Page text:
Before going ahead and booking your flight, put the name of the establishment you are thinking of working at into a search engine, and look for independent reviews. Skip their home page entirely—as you will probably have already have looked at this ten times over—and read anything else that has been written about it independently. Another important sign that should make you carefully consider your destination is if you see the same job being advertised frequently. This might indicate a high turnover, which often means unhappy staff.
When the employer has provided you with the answers you wanted to hear you can start packing your bags. On arrival at your destination, your first impressions will tell you a lot about your place of employment. The first few days can always seem daunting but it is important to give all places a chance (unless there is some obvious reason not to). You will usually be asked to sign a contract. Be sure to read this thoroughly to make sure it doesn't contradict any of the information you were initially given. After a few weeks, you will be able to assess your situation and decide whether you are likely to stay the season. More often than not you will stay the season and have a wonderful time. However, if you find yourself working 20 hours a week more than you were contracted to do, or you realize you haven't received a day off in weeks, it is time to talk seriously to your co-workers and then to your employer. This is when all of your probing emails will come in handy. You will have written confirmation regarding all of these issues. You should also have handy a copy of your contract to refer to.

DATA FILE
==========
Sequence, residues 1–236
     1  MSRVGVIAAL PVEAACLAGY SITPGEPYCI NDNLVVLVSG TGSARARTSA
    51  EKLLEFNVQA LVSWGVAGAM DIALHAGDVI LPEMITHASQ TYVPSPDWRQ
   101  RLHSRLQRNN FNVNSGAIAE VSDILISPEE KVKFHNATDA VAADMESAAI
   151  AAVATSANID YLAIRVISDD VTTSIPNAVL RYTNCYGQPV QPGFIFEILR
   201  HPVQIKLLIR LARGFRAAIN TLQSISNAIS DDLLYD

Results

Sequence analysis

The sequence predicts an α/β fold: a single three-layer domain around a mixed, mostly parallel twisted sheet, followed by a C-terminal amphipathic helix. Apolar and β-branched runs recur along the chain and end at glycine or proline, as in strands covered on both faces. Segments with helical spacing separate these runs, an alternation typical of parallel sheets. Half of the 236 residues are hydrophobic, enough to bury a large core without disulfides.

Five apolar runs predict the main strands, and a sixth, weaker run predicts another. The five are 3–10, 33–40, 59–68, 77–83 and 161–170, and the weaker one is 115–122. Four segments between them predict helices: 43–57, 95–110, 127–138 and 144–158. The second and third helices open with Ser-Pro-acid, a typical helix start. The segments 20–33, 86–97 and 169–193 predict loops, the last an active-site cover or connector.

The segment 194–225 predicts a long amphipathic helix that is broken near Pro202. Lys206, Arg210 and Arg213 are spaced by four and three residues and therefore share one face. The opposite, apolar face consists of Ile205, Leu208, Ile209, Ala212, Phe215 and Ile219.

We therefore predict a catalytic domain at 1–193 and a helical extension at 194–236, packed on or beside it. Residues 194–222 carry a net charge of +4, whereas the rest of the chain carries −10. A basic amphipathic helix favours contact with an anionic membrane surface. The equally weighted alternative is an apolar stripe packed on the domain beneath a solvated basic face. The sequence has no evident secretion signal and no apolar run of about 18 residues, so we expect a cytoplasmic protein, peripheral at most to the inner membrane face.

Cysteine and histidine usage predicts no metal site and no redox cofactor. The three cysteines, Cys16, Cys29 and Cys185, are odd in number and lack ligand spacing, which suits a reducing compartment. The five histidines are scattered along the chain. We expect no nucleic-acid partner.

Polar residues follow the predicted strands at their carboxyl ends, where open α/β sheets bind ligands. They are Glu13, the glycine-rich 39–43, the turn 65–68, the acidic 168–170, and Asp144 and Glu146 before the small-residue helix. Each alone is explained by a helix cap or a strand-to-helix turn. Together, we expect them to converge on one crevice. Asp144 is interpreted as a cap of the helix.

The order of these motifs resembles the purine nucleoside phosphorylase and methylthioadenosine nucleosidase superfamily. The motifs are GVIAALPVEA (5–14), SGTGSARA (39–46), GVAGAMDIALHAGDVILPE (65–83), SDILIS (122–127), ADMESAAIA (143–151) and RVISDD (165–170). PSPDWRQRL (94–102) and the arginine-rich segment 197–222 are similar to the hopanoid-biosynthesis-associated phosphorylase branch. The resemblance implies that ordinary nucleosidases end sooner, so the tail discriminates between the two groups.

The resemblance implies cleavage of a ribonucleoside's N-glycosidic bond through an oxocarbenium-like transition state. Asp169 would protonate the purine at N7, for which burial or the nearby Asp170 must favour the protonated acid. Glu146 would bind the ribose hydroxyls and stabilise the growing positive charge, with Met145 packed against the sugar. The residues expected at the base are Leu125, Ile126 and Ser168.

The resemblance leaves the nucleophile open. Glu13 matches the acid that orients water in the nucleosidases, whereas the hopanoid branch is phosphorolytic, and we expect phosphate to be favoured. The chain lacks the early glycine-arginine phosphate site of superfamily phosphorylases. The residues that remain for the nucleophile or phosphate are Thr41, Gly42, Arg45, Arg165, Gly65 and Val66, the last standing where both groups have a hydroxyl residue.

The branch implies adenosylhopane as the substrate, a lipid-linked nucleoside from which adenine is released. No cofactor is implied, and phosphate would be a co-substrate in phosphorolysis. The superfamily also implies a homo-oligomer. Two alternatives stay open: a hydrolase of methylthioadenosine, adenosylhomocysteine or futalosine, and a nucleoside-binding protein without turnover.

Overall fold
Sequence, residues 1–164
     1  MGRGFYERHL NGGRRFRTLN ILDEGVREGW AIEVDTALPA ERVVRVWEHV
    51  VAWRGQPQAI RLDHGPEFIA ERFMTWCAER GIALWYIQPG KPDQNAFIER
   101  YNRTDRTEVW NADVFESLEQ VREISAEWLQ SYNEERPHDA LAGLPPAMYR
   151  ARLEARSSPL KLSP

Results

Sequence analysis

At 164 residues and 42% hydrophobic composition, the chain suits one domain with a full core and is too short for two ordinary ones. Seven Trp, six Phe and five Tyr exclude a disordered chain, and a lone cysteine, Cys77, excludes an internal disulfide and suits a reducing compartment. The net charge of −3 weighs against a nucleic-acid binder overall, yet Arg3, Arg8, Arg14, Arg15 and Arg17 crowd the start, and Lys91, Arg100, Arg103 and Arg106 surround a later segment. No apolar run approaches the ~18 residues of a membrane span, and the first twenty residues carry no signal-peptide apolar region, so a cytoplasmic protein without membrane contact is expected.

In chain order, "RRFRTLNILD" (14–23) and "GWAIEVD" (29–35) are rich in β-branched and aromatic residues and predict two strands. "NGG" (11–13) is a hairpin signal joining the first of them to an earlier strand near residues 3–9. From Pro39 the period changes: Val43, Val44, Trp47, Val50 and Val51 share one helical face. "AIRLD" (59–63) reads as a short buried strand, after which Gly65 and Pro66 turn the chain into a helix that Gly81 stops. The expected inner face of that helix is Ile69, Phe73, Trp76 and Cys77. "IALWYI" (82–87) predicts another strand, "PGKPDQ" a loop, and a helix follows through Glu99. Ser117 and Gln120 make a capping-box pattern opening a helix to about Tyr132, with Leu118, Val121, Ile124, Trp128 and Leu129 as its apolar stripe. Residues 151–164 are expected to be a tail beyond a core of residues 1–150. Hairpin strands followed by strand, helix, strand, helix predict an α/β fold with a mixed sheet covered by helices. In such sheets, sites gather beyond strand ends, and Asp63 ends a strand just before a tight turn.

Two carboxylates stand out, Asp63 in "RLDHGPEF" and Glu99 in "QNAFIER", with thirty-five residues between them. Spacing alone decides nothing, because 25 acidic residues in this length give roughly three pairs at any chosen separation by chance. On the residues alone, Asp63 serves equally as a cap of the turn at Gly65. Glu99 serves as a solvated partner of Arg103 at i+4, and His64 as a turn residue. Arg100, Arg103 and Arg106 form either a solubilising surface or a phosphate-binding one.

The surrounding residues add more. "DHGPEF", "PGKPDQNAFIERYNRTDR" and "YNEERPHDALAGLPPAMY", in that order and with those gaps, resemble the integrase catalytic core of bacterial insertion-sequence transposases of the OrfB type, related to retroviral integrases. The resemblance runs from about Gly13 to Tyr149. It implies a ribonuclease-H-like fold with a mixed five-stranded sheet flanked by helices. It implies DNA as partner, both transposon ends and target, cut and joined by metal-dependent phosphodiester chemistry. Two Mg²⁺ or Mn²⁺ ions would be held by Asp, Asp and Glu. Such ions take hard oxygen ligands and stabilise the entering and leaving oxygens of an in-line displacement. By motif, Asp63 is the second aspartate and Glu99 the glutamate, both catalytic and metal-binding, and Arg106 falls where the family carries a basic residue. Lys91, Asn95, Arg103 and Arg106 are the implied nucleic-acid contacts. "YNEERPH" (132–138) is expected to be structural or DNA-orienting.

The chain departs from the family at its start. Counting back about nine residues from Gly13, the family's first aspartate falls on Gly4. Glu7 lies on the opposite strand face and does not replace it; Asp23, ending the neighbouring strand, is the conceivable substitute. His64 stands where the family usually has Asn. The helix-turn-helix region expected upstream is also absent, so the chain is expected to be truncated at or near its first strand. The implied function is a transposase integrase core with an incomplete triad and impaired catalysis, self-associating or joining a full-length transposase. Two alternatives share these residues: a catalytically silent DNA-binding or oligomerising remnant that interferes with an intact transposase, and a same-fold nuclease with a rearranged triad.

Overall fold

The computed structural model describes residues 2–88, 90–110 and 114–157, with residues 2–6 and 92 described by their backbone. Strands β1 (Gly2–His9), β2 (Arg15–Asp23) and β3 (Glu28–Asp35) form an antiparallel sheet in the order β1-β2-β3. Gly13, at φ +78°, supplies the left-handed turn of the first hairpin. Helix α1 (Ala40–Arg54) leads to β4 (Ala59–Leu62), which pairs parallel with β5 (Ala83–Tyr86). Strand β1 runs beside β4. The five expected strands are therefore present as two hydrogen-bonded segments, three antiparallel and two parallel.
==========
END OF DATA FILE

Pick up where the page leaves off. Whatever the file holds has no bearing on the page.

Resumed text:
It is very important that you address any issues that you feel are unfair or break the terms in your contract. Many people mistakenly continue working in places where they have felt they have been mistreated. Often you can find work with other organizations or companies in the surrounding area who can offer you better terms and conditions.
But don't be put off by this information! Seasonal work is fun, rewarding, challenging and exciting and if you follow some simple guidelines everything should go smoothly. The majority of employers will be keen to make you as happy as possible in order for you to stay with them and motivate you to return in the future.
For More Information
www.seasonworker.com: A great website for seasonal workers which usually advertises larger companies.
www.anyworkanywhere.com: A website which advertises both paid and volunteer work all over the world. The majority of the jobs offered are seasonal, contract and/or temporary, much of which are in the U.K. The type of work offered ranges from harvesting Christmas trees in Devon to piloting a barge in France .
www.voovs.com: A website offering seasonal work, voovs primarily advertises jobs for the ski season working for larger companies.
www.adventurejobs.co.uk: This website advertises a greater variety of jobs, both permanent and temporary. It covers many different types of jobs, such as teaching, children's entertainment, and activity instructing.
www.natives.co.uk: Natives tends to concentrate on ski season positions in Europe but occasionally offers other positions.
||Caroline Nye has traveled and worked extensively all over the world, working in organic farming, wildlife guiding, teaching and musical performance, as well as volunteering in various international development projects. She has had articles and short stories published in Amateur Photographer (UK), Matador Travel, and The Healing Project book series, and recently won a Bunac Green Cheese scholarship for humorous writing. Caroline is currently managing a dance team in Spain.